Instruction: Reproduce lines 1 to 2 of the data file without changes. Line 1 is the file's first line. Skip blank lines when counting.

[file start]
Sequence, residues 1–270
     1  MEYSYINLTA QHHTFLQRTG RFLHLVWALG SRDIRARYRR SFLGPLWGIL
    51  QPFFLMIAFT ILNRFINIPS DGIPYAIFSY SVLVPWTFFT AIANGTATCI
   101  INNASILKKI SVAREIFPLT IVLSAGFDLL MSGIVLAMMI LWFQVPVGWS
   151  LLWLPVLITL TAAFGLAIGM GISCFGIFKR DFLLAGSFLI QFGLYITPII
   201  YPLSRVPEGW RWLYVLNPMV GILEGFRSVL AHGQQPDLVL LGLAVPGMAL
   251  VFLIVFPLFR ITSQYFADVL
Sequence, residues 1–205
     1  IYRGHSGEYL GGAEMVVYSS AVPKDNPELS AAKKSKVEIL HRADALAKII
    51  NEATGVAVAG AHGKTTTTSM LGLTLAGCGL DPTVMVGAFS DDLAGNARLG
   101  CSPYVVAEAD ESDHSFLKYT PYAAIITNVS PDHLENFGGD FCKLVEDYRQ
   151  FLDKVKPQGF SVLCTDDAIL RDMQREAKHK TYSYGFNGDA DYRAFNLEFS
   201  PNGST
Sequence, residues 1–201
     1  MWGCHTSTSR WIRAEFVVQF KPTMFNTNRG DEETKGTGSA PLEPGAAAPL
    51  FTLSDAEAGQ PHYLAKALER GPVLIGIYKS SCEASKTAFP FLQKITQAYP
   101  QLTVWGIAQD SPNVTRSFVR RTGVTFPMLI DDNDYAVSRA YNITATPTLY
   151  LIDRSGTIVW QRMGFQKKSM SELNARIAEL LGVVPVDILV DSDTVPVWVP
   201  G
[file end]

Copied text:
Sequence, residues 1–270
     1  MEYSYINLTA QHHTFLQRTG RFLHLVWALG SRDIRARYRR SFLGPLWGIL